Peta Bee hears some expert advice on how you can train yourself to get faster
Speed is of the essence but, if you aren’t blessed with the genes of a sprinter, how do you pick up your pace?
Speed work and training methods designed to improve power and sprint technique are invaluable when it comes to improvement of running times and overall performance. And, while we aren’t all destined to run 100m at top speed, we are all capable of getting faster. Here, we ask the experts how to do it:
Practice sprint drills
Jenny Meadows, the former 800m runner who won medals at the world and European championships, says that runners often overlook the need for sprint drills like high knee running and lunges and plyometrics-style exercises that focus on bounding, hopping and jumping.
Yet, these training elements not only improve technique but power, too, and contribute significantly to the development of speed.
“It’s just as important for middle and long distance runners to focus on running economy and efficiency and get those mechanics right,” says Meadows, who is now passing on the benefits of her experience through coaching and mentoring.
“I’ve seen Laura Muir (pictured) do drills like a lot of sprinters would. I’ve seen Mo Farah box jumping and his plyometric ability is amazing.
“He can jump on to a box which just about comes up to my chin. I had to see it to believe it.”
Meadows performed drills on a daily basis both before and after her running sessions and also spent around 30 minutes each day on static stretching to extend her range of movement.
“I would say that most runners of any level should be prepared to sacrifice an extra endurance session to focus on technique at a younger age,” she says. “Things have moved on a lot over the last 30 years in the way we think about speed.”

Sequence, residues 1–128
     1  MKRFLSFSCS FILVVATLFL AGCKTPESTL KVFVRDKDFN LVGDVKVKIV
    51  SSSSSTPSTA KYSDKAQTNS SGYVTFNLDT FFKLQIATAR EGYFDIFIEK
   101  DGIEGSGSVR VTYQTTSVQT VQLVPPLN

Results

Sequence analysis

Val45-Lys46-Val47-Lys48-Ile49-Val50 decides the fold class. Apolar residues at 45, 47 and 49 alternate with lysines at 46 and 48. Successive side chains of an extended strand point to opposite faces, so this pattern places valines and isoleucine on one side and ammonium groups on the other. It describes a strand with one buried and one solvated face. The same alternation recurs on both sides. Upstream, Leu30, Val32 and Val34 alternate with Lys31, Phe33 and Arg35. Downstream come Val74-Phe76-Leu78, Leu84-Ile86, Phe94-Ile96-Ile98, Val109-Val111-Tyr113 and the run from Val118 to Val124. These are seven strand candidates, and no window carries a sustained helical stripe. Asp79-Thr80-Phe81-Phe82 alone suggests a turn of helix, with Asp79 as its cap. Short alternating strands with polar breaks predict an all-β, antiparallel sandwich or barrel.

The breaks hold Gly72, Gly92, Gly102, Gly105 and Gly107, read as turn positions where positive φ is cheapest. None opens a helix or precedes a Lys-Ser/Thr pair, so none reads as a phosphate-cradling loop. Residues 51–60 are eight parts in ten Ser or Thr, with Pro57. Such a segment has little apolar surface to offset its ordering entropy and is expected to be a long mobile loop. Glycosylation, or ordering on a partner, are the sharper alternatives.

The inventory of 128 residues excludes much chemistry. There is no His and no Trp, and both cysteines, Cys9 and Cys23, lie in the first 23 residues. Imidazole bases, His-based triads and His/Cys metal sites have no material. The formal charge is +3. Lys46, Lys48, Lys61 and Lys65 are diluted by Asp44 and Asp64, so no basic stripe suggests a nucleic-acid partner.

Hills are tremendous for developing the leg strength that is necessary for speed. Add them to your training, but keep them varied.
“Run over the top of a shorter hill with a steeper incline and concentrate of holding your form as you hit the flat at the top,” suggests UK Athletics qualified coach Paddy McGrath.
“Really concentrate on your form as you go up any hill – aim to drive the arms and have high knee lift.”
It’s not just uphill running that can help. Find a shallow, grass downhill and practice running down it for exaggerated leg speed.
Think like a sprinter
David Lowes, a level 4 endurance coach, says distance runners should think like a sprinter and learn how to run fast.
“It isn’t unusual to see someone looking fairly smooth until they try to sprint, when their co-ordination becomes poor. And it’s not all about pumping the arms and legs as quickly as possible,” Lowes says.
“You need to get off your heels and get up on to your forefoot, springing off the ground much more than you would when you are running long distances.”
He advises practicing fast running so that you can hold your form smoothly, but powerfully.
“Think about and understand where power is being generated, as that is what translates into speed when you run,” he says.
“Power stems from the glutes, the hips, the hamstrings, the calf muscles and the feet. Utilise every one of those body parts to move as fast as you can.”
Lowes adds that “good knee-lift, a slight forward lean from the hips and excellent contact of the feet with the track will produce the propulsion that is needed” for speed.
Head for the track
A simple mistake made by many distance runners is to restrict their speed work to parks, trails and roads. If you are serious about enhancing your speed, then head to a track. And wear spikes when track training.
“If you are a heel-toe runner, then you’ll never be able to sprint as fast as a forefoot runner,” Lowes says. “That’s precisely what spikes are for and why we wear them. Practice form running and getting up on your toes in your spikes – you’ll be amazed how much difference it can make to your speed.”
Make it short
Don’t be afraid to try shorter, faster sessions on the track or grass.
“Accelerations in which you run progressively faster over, say, 150m are great for developing speed in race-like situations,” McGrath says. “Or you could try running 50m at 1500m pace, the next 50m at 800m pace and the final 50 flat out.”
Finish a run by performing short 60m strides afterwards or, for pure speed, Lowes suggests running 40m efforts at 100%.
Measure your stride
In full sprinting mode, the knees will be much higher than when you are running a distance and, as a consequence, your stride length is extended. It’s useful to assess whether or not this is actually happening.
“You can easily measure your stride length by counting your strides at 5km pace from a marker and using that same marker when at maximum speed,” says Lowes.
Another method is to head to a cinder track or beach where you can measure the distance between each foot imprint. If your stride length is the same when you run at 5km pace as it is when you run at speed, there is clearly work to be done on improving your fast running form.